Don't Throw Out Those Rabbit Ear Antennas
As of February 17, 2009, when all the major TV broadcasters will begin to transmit using a digital signal, no one with an analog, rabbit-eared television set will be able to get anything without a digital-to-analog converter box. The switch from analog broadcast to digital has something to do with leaving the airwaves free for police and emergency responder radios, and also the fact that already, millions of digital TVs have been sold, bringing better-quality television to millions of people. If you have a digital TV, or pay for cable or satellite TV service, you’re good—you don’t have to do anything. But if you have an old analog set, you’ll need to buy a converter box costing about $50. But don’t fret, because your government has come to the rescue—with coupons worth $40.
Between January 1, 2008, and March 31, 2009, all U.S. households will be able to request up to two coupons, worth $40 each, for the purchase of eligible digital-to-analog converter boxes. The National Telecommunications and Information Administration (NTIA) is administering the coupon program and has a list of eligible converter boxes as well as information about getting coupons.
The entry of perhaps millions of digital-to-analog TV converters could add yet another widely used electronic device to strain the U.S. power grid, add to carbon emissions, increase our dependence on foreign sources of fossil fuels, and so on—you know the drill. But thanks to the efforts of folks at the Natural Resources Defense Council (NRDC), the American Council for an Energy Efficient Economy (ACEEE), and other energy efficiency advocates, those converter boxes will run on as little energy as possible, especially during the 20 or so hours a day when no one is watching TV. The Department of Commerce has issued a ruling that eligible devices can use no more than 2 watts while in sleep mode, and that the devices will automatically go into sleep mode after four hours of inactivity. The four-hour delay will be set as the default mode at the factory, but users can adjust the delay time at home or disable the automatic switching to sleep mode.
Energy efficiency advocates decided not to push for low energy use when the converter boxes are on the “on” mode. “In advocating for the 2W standby and auto power down we chose not to include a maximum power use for the ‘on’ mode. That’s because the incremental annual energy savings would have been small compared to what we got by having the box have a low standby energy use,” says NRDC’s Noah Horowitz. Horowitz did note that Energy Star set a specification for converter boxes and it requires a maximum of 1W standby power, 8W maximum power when on, and a 4 hour auto power down. As they should with other electronic devices, consumers should look for converter boxes with the Energy Star label.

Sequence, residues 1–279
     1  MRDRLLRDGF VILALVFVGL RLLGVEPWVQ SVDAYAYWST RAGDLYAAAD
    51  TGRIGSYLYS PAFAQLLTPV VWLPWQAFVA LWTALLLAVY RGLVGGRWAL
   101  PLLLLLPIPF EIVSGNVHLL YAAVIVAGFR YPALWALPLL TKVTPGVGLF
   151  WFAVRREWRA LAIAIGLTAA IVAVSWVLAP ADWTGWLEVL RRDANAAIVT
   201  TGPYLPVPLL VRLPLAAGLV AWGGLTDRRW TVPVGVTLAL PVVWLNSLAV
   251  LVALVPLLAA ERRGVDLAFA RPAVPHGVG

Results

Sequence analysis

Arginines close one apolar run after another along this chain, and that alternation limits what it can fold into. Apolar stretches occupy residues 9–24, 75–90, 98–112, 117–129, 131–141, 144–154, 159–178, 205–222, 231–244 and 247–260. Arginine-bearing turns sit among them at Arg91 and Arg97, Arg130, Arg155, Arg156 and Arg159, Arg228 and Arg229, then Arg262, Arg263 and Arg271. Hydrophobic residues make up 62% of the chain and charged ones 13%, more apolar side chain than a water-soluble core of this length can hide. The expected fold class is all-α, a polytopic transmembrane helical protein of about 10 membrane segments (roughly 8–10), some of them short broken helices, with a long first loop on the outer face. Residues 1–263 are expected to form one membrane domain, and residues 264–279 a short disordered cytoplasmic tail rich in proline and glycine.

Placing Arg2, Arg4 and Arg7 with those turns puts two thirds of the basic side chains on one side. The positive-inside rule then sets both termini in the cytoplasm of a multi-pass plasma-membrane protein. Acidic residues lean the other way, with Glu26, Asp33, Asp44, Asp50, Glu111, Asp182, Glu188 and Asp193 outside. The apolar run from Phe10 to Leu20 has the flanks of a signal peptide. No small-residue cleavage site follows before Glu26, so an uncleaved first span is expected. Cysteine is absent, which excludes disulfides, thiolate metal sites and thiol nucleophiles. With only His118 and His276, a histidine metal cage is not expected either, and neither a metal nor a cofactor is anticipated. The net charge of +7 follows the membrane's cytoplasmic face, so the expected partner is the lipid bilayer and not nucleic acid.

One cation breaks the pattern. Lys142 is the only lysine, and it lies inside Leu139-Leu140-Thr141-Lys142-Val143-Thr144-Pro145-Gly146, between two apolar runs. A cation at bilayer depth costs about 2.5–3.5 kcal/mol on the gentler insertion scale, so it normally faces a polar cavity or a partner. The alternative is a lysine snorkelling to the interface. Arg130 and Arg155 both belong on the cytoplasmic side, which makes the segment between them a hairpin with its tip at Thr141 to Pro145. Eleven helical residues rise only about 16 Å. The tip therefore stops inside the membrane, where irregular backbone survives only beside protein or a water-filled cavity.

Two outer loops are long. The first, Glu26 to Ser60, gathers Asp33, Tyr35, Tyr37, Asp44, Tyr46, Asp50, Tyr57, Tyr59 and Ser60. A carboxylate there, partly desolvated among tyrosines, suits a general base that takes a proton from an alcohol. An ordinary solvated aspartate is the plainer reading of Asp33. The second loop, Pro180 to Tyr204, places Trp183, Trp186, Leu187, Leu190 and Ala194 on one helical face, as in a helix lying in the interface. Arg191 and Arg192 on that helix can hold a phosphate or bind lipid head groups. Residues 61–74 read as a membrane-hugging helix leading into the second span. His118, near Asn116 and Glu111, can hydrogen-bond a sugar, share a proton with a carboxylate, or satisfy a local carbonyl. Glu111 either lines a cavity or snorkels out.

Best Buy, as well as other big box electronic stores have stocked up on coupon-eligible converter boxes. Best Buy listed one such device on the Web, under the brand name Insignia, for $59.99, although the boxes are only available in the store and the coupons are redeemable only at the store. So don’t throw away your old TV sets. You’ll be able to use them after February 17, 2009, but it will cost you about $10 or $20, plus the free coupon from the feds.
And keeping that old TV set may save you lots of energy ad money overall. The NRDC tested several types of televisions for energy use. They found that one 50-inch plasma TV will use approximately 680 kWh over the course of a year. An older, 34-inch TV will use approximately 200 kWh per year. At an electricity use rate of $0.10 per kWh, that’s a savings of about $50 a year.
Jim Gunshinan is Home Energy’s managing editor.
For more information:
To find out more about the National Telecommunications and Information Administration (NTIA) digital to
analog converter box coupon program, go to www.dtv2009.gov.
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